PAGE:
When there is no swelling, minimal to no pain, and almost full range of motion, the individual is encouraged to walk, with weight bearing restrictions as indicated by the surgeon, and may be allowed to return to light work. More intense exercising, with increased resistance, is called for during this phase. Cycling and proprioceptive exercises may be attempted at this time. Resisted exercise as guided by the therapist includes closed kinetic chain exercises and progresses to sports-specific training with the use of a brace (Amy). The individual is instructed in a home exercise program during each phase of the rehabilitation process.

The individual's reinstatement to work as exercise is now directed toward work requirements. The physician may prescribe a brace to be worn by the individual at the onset of resuming functional activities, and when the individual returns to work, training, or competition. However, evidence does not support using braces either in the short term (immediately after surgery) or the long-term to improve ACL reconstruction outcomes (Kruse).

Generally speaking, rehabilitation of the anterior cruciate ligament will vary depending on the type of surgery that was performed, the location from which the graft was harvested, and whether any associated supporting ligament and cartilage were also injured and / or repaired.

FREQUENCY OF REHABILITATION VISITS
Surgical
SpecialistRepair (Reconstruction), Anterior Cruciate Ligament
Physical TherapistUp to 24 visits within 26 weeks
The table above represents a range of the usual acceptable number of visits for uncomplicated cases. It provides a framework based on the duration of tissue healing time and standard clinical practice.

Source: Medical Disability Advisor



Complications

Associated conditions include injuries to other structures in the knee, such as tears to the crescent-shaped discs of fibrocartilage attached to the superior articular surface of the tibia (menisci), fractures of the patella, and osteoarthritis.

Many ACL reconstructions are successful. Common complications include a decrease in knee range of motion (which can be minimized by early rehabilitation) and anterior knee pain. Less common complications include fractures of the patella and patellar tendon rupture (Gammons). The quadriceps tendon can also rupture, depending on the site where the graft was harvested.

About 8% of ACL reconstructions fail (Gammons). These failures are usually due to recurrent instability, ongoing pain, or arthrofibrosis (scar tissue build-up inside the knee joint). Other surgical complications include infection, bleeding, stiffness of the joint, vein inflammation (phlebitis), and complex regional pain syndrome (CRPS). Improper placement of the graft can cause impingement and require additional surgery. Grafts rupture in approximately 2.5% of cases (Gammons). If symptoms return after surgery, hardware removal may be necessary.

Any type of surgery is associated with potential risks and complications that may include, but are not limited to injury to blood vessels and nerves around the knee (less than 1%); blood clots in the legs (deep vein thrombosis), which may break off and go to the lungs (embolism) (less than 1%); and infection (less than 1%) (Gammons). Small areas of diminished sensation in the front of the knee are common and usually do not present a problem.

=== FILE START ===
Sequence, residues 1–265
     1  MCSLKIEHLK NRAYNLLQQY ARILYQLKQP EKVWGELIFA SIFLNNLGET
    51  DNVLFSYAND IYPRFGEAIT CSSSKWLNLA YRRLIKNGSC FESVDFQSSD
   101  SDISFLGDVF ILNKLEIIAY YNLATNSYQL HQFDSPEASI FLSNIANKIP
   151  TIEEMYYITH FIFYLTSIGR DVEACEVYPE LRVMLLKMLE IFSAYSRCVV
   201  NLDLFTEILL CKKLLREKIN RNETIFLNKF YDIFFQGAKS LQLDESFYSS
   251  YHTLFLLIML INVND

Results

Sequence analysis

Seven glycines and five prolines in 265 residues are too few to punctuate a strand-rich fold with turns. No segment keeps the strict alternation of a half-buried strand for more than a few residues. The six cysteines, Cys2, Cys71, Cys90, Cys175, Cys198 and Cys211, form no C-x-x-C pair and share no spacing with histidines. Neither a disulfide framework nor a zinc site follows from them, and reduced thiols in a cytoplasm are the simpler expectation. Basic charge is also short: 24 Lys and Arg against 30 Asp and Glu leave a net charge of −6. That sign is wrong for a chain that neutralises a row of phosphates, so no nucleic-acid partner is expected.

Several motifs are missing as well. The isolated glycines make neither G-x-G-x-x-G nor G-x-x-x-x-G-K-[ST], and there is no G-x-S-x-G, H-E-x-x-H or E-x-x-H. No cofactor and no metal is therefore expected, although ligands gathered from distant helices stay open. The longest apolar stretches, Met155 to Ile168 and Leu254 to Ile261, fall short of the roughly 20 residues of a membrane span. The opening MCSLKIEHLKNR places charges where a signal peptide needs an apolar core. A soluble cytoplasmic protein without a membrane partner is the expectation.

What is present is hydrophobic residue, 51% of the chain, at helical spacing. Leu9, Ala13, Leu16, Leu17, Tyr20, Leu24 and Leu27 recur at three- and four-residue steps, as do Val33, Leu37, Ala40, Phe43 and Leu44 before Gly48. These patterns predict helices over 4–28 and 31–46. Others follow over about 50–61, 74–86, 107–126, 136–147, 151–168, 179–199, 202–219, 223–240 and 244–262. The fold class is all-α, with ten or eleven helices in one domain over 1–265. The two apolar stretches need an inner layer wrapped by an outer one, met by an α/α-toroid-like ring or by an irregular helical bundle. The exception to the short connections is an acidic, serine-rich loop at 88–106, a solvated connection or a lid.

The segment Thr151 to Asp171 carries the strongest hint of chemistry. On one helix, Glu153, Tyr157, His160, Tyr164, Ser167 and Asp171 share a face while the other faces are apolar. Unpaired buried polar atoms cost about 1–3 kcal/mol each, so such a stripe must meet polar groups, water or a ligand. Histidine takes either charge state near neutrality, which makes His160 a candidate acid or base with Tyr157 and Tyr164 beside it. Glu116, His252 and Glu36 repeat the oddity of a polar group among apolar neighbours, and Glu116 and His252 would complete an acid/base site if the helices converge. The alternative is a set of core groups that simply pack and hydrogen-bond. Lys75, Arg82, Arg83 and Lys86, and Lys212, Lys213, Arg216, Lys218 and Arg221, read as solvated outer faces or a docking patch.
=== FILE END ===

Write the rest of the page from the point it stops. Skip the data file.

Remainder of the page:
Source: Medical Disability Advisor



Ability to Work (Return to Work Considerations)

Limited weight-bearing, use of a knee brace, and rest periods for elevation of the leg would be expected at work during the early stages of recovery. Long-term use of a protective knee brace may be recommended. Individuals should refrain from activities requiring squatting, jumping, and abrupt turning or twisting. Postoperative medications may include nonsteroidal anti-inflammatory drugs (NSAIDs) and prescription painkillers (opioid analgesics). Use of analgesics and other medications can affect dexterity and alertness. Review of drug policies may be required to accommodate this use.

Source: Medical Disability Advisor



Maximum Medical Improvement

Treated with surgical reconstruction, MMI for isolated anterior cruciate ligament rupture is usually reached by 224 days after surgery. The ligament will continue to strengthen over time, but the clinical result in terms of stability, motion, and muscle strength is usually stable by 224 days.

Treated non-surgically, MMI for isolated anterior cruciate injury is usually reached within 112 days of injury. Symptoms may continue to improve for up to a year after injury.

Source: Medical Disability Advisor



References

Cited

Amy, Eduardo, et al., eds. "Chapter 55 - Anterior Cruciate Ligament Tear." Essentials of Physical Medicine and Rehabilitation. 2nd ed. Philadelphia: Saunders, Elsevier, 2008.

Belanger, M. J. "Knee Laxity Does Not Vary with Menstrual Cycle, before or after Exercise." American Journal of Sports Medicine 32 5 (2004): 1150-1157.

Gammons, Matthew, and Evan Schwartz. "Anterior Cruciate Ligament Injury." eMedicine. Eds. Francisco Talavera, et al. 4 May. 2012. Medscape. 6 Feb. 2013 <http://emedicine.medscape.com/article/89442-overview>.

Kruse, L. M. , B. Gray, and R. W. Wright. "Rehabilitation after Anterior Cruciate Ligament Reconstruction." Journal of Bone and Joint Surgery 94 (2012): 1737-1748.

General

Linko, E., et al. "Surgical Versus Conservative Interventions for Anterior Cruciate Ligament Ruptures in Adults." Cochrane Database of Systematic Reviews 2 (2005): NA.

Souryal, Tarek, and Kenneth Adams. "Anterior Cruciate Ligament Injury." eMedicine. 19 Mar. 2012. Medscape. 25 Feb. 2013 <http://emedicine.com/PMR/topic3.htm>.

Source: Medical Disability Advisor